Expressionism

a movement in the 20th century that attempted to express feeling and emotion directly by distorting forms, choosing violent subject matter and harsh colors, and keeping the overall design out of balance. — Expressionist, n.Expressionistic, adj.
See also: Art
-Ologies & -Isms. Copyright 2008 The Gale Group, Inc. All rights reserved.

expressionism

(c. 1905–25) An emphasis on pictorial distortion or chromatic exaggeration within any art of any period. The movement emphasizing heightened emotion and the artist’s subjective vision, and was characterized by bold brushwork and stylized forms. Influenced by Gauguin, van Gogh, Munch, and Fauvism, the movement includes the more specific groups of Die Brücke and Der Blaue Reiter.
Dictionary of Unfamiliar Words by Diagram Group Copyright © 2008 by Diagram Visual Information Limited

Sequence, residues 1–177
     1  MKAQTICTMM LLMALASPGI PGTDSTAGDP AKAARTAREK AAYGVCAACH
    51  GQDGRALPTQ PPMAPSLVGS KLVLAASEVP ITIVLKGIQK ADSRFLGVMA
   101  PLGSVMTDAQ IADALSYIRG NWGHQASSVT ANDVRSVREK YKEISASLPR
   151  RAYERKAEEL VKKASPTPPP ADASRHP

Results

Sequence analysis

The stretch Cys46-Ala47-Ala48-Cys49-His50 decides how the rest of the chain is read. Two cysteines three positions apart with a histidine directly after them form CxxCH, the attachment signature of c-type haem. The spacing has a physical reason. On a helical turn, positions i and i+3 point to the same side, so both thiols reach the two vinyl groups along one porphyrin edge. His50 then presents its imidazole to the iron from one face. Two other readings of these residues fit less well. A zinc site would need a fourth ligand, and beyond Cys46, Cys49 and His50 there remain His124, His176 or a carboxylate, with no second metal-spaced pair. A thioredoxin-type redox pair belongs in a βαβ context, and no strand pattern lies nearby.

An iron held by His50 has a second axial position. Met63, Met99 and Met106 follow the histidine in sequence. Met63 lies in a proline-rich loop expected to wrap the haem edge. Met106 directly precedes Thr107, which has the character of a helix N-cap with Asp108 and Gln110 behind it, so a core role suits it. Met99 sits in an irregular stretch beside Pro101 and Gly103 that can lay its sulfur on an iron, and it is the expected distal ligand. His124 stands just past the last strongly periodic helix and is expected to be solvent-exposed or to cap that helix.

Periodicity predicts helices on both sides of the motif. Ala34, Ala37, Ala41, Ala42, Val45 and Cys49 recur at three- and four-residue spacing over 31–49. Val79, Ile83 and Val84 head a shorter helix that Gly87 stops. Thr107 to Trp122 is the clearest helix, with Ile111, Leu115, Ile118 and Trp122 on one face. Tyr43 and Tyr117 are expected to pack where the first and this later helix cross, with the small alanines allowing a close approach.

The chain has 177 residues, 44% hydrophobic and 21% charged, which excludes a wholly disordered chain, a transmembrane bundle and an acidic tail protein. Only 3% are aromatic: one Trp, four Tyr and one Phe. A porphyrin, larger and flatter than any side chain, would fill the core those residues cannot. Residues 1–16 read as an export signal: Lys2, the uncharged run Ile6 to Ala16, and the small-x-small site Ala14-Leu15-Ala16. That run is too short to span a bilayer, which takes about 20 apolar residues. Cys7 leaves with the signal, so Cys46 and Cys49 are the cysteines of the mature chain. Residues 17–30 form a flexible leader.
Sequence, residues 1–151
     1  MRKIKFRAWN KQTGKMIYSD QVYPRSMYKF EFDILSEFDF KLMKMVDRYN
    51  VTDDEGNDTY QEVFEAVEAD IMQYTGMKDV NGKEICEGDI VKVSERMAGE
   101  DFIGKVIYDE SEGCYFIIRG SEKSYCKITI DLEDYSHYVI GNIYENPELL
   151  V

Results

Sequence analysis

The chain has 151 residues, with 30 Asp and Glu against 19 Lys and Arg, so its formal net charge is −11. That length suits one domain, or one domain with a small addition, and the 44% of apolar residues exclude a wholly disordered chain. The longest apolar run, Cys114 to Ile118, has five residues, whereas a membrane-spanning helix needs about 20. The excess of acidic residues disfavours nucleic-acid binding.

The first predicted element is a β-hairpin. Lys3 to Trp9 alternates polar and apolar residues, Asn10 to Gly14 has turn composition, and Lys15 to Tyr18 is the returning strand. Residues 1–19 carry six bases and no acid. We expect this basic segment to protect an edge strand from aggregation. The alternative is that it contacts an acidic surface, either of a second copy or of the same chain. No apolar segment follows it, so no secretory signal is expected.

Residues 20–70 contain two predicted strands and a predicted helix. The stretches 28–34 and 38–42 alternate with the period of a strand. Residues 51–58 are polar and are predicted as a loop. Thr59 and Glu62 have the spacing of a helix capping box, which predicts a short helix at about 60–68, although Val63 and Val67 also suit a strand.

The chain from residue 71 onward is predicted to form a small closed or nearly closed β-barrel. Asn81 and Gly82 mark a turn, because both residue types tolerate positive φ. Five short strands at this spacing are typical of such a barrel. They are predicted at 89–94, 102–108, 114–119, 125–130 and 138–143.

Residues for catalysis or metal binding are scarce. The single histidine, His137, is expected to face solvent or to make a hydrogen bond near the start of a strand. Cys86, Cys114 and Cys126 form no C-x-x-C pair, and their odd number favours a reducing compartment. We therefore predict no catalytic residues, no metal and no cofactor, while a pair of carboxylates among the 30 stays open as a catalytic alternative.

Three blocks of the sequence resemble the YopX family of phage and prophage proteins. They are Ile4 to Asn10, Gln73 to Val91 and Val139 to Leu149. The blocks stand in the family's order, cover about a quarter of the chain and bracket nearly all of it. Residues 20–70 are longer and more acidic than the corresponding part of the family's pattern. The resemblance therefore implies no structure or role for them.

ThesaurusAntonymsRelated WordsSynonymsLegend:
Noun1.expressionism - an art movement early in the 20th centuryexpressionism - an art movement early in the 20th century; the artist's subjective expression of inner experiences was emphasized; an inner feeling was expressed through a distorted rendition of reality
art movement, artistic movement - a group of artists who agree on general principles
neoexpressionism - an art movement based on expressionism; developed in 1980s in Europe and United States; crudely drawn garish paintings
supra expressionism - a movement that tried to go beyond expressionism
Based on WordNet 3.0, Farlex clipart collection. © 2003-2012 Princeton University, Farlex Inc.
Translations
ekspresjonisme
expressionismo

expressionism

[eksˈpreʃənɪzəm] Nexpresionismo m